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Voices for Recovery


Jaquese Armstrong (06/18/2013)

Jaquese Armstrong

I have been living with a mental illness for 30 years.  For 25 of those years, I was stubborn and living in delusion and psychosis.  I am a living testimony that you can make it through if you have faith and, in my case, family.

I was 20 years old when I had my first psychotic episode, and not long after I became catatonic – a psychiatric state where I stopped almost all movement.  There weren’t very many good drugs on the market in the early 80s.  I was given shock treatments and an antipsychotic and sent on my way.  While adjusting to treatment, I had to change my chemical engineering major, and it took eight years for me to get a B.A. in journalism.

I worked on and off after I completed school.  My family moved a lot, so I got the benefit of new psychiatrists.  They found the combination of drugs that worked for me through a research project.  In about a year, I was psychosis-free, and I have been managing my mental illness for more than six years.  I give thanks to God and family who have always helped me along the way.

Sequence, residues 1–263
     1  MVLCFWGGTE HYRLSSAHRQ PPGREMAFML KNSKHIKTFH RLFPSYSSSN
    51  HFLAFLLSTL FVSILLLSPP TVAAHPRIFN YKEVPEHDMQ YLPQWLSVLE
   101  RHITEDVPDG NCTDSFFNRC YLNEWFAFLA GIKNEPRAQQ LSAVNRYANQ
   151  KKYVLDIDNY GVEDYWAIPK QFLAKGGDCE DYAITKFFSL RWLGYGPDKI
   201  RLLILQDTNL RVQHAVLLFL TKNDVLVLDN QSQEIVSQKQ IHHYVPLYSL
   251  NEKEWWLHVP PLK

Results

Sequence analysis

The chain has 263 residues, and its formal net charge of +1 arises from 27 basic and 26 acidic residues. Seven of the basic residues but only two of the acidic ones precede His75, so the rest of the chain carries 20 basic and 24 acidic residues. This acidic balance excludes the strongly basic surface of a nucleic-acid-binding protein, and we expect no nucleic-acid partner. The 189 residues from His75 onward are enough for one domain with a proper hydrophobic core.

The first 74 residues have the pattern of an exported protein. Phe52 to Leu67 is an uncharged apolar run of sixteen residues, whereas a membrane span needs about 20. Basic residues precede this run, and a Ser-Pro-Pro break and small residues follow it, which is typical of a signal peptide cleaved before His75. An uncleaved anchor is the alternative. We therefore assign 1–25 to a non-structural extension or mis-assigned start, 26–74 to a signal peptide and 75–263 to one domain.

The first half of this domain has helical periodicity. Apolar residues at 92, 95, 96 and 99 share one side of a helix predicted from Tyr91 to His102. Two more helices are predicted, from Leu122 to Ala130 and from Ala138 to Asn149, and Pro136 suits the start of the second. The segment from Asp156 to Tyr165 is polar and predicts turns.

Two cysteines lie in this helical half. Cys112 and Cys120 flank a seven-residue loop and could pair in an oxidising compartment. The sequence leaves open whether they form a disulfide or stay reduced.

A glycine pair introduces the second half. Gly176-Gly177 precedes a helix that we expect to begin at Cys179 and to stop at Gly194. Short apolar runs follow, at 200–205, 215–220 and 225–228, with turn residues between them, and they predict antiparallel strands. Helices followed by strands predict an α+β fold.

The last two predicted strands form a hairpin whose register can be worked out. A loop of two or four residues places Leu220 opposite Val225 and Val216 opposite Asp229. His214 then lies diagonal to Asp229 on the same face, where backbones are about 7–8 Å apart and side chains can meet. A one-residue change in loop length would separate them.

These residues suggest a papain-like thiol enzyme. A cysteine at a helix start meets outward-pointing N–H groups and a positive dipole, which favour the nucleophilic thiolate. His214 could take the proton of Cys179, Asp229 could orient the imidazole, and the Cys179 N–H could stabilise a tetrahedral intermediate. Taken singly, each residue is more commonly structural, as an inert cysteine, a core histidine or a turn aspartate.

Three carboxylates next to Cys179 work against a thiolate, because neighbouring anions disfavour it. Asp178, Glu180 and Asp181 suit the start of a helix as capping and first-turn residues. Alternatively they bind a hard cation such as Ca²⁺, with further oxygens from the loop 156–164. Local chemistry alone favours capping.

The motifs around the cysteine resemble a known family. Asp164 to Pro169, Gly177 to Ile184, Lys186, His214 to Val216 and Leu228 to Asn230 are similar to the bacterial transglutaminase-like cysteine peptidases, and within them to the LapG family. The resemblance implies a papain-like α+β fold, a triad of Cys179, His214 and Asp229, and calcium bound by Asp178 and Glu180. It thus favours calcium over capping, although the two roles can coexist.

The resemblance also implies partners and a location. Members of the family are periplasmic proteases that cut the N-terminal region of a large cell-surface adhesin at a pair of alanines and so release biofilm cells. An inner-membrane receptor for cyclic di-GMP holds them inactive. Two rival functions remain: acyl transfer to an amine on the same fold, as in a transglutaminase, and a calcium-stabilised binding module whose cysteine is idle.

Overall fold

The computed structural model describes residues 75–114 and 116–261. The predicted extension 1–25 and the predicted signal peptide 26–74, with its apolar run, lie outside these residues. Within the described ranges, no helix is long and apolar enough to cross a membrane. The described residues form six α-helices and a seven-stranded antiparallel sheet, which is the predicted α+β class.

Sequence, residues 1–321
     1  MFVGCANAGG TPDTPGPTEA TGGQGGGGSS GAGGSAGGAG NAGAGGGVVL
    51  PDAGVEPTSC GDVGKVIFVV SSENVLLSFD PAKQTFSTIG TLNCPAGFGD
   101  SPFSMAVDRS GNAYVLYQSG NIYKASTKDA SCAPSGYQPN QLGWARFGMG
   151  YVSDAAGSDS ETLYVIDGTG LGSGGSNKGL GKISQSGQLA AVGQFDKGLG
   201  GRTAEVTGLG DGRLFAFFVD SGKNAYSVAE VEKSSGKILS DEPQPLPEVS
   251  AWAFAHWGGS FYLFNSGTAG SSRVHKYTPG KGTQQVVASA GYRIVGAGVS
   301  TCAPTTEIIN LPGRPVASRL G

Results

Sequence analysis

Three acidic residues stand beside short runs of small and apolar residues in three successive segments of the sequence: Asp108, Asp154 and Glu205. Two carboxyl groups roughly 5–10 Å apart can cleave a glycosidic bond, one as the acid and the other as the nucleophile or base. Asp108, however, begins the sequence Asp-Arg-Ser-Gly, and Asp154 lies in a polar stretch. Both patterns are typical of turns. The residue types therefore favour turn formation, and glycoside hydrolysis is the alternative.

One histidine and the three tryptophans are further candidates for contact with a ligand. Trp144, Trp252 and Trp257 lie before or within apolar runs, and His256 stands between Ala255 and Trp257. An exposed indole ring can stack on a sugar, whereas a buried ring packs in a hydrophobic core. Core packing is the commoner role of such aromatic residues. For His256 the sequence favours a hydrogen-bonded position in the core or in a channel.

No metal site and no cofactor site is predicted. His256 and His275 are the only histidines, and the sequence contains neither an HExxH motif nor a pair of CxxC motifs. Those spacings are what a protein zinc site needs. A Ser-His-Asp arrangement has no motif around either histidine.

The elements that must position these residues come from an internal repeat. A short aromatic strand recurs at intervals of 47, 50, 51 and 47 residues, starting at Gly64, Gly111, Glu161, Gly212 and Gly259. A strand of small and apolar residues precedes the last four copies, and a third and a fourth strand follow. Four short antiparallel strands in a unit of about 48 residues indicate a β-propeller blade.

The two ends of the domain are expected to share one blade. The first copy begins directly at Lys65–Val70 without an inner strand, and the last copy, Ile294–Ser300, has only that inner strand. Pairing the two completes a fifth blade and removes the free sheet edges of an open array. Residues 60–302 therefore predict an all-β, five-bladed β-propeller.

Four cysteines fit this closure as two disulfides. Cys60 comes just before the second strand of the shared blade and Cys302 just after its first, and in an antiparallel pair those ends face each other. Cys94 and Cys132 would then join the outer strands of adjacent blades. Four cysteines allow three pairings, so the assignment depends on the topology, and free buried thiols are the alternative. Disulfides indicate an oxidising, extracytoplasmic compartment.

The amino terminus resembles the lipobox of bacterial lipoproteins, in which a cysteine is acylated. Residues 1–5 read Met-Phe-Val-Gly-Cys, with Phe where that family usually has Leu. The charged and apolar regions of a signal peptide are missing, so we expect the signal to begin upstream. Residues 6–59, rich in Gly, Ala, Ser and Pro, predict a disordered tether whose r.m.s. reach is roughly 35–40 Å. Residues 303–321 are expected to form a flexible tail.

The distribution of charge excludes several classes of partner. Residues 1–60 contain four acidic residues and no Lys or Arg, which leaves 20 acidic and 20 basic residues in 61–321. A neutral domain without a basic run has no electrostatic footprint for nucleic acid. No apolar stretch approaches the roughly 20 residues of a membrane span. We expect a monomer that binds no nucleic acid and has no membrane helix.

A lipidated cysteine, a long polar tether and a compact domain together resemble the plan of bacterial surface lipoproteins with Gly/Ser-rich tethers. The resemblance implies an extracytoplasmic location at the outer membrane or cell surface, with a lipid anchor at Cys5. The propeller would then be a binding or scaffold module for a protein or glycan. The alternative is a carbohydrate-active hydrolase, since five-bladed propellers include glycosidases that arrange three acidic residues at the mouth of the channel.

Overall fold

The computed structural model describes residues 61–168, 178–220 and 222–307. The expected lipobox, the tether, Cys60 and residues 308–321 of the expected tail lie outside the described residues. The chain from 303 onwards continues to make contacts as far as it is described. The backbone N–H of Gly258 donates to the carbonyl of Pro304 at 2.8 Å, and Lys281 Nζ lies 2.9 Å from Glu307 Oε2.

I am now in my fifth year of a workable level of recovery and wellness.  I enjoy living independently.  I volunteer with a mental health organization and do everything I can to combat misconceptions, including participating in a documentary, delivering inspirational speeches, and publishing articles.  I am also working to publish a memoir. I hope these projects will inspire, educate, and stimulate conversation about mental health issues on a personal level.   All of these activities help me to feel that my experience was not in vain. When everyone begins to understand, I am confident that the misconceptions will fade.



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